A K-loader is ushered up to a C-17 Globemaster III at Yokota Air Base, Japan, April 22, 2013. A C-17 Globemaster III can carry up to 180,000 pounds in cargo. (U.S. Airman 1st Class photo/Meagan Schutter)
Staff Sgt. Eliezer Santiago, 730th Ramp Services Supervisor, works to undo straps around cargo at Yokota Air Base, Japan, April 22, 2013. One of the duties of ramp services is to unload cargo and bring it to cargo processing. (U.S. Airman 1st Class photo/Meagan Schutter)
Hearing protection is hung up at the 730th Maintenance Squadron at Yokota Air Base, Japan, April 22, 2013. Hearing protection is mandatory and needed when going out to the flightline. (U.S. Airman 1st Class photo/Meagan Schutter)
Tech. Sgt. Francisco Venega, 730th Ramp Service NCO in charge, ties down cargo on a K-loader on Yokota Air Base, Japan, April 22, 2013. K-loaders help when uploading and downloading cargo at Yokota Air Base. (U.S. Airman 1st Class photo/Meagan Schutter)
An Airman turns on the engine on a C-17 Globemaster III at Yokota Air Base, Japan, April 22, 2013. This is done during pre-flight inspections to ensure the aircraft works properly. (U.S. Airman 1st Class photo/Meagan Schutter)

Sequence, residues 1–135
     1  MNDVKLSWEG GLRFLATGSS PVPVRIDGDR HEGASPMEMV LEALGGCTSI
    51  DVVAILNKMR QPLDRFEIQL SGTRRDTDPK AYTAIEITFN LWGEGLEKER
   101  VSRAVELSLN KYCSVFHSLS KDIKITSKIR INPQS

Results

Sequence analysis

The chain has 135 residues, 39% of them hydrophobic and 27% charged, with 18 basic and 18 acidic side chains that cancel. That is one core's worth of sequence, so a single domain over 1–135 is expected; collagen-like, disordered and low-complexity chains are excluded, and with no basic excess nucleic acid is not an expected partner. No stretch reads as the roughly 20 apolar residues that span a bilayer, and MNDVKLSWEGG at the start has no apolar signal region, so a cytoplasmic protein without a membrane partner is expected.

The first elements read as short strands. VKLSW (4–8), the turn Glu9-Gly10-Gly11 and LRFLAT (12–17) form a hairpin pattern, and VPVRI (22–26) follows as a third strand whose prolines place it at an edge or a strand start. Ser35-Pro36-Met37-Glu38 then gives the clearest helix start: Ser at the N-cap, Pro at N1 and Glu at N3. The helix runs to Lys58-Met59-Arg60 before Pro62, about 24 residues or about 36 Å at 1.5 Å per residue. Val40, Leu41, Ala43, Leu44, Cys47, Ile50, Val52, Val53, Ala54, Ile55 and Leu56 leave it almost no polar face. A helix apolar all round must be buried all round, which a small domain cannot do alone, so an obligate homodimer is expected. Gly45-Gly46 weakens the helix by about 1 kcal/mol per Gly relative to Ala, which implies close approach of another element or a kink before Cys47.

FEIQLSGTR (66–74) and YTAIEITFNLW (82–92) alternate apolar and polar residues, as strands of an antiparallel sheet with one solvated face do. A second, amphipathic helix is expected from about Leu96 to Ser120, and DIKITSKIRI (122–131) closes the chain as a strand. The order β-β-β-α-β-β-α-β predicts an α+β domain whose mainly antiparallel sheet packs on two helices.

Staff Sgt. Eliezer Santiago, 730th Ramp Service Supervisor, flips over a set of rollers in a C-17 Globemaster III at Yokota Air Base, Japan, April 22, 2013. These rollers help when loading cargo onto the aircraft, without these the cargo cannot be loaded. (U.S. Airman 1st Class photo/Meagan Schutter)
Tech. Sgt. Francisco Venega, 730th Ramp Service NCO in charge, inspects a C-17 Globemaster III at Yokota Air Base, Japan, April 22, 2013. A group from Ramp Service does pre-flight inspections which save a lot of time and money while crew is on crew rest. (U.S. Airman 1st Class photo/Meagan Schutter)
by Senior Airman Michael Washburn
374th Airlift Wing Public Affairs
4/25/2013 - YOKOTA AIR BASE, Japan -- In the civilian world, whenever the U.S. Postal Service needs to ship internationally, they use cargo planes.
In the military, the process is pretty much the same except instead of mail, shipments include ammunition, food, supplies and even people. On Yokota Air Base, that mission is accomplished by the 730th Air Mobility Squadron.
Just like how a single football player can't win a game by himself, no one section of the 730th AMS can accomplish the whole objective, it is a combined effort between multiple areas. Everyone has a hand in the mission and almost anything can be shipped.
"We can move anything from explosives, cargo, human remains, classified and hazardous material," said Master Sgt. Froilan Halili, 730 AMS special planning section chief. "We decide what cargo goes on the plane. When it comes to hazardous material, we inspect it to make sure it's okay to ship."
Before the pallets of cargo can be loaded onto the aircraft, Halili and the other Airmen in his section balance the cargo weight. This ensures the weight is equally distributed between the aircraft's front, back and sides. If cargo isn't properly balanced, flying hazards are more likely.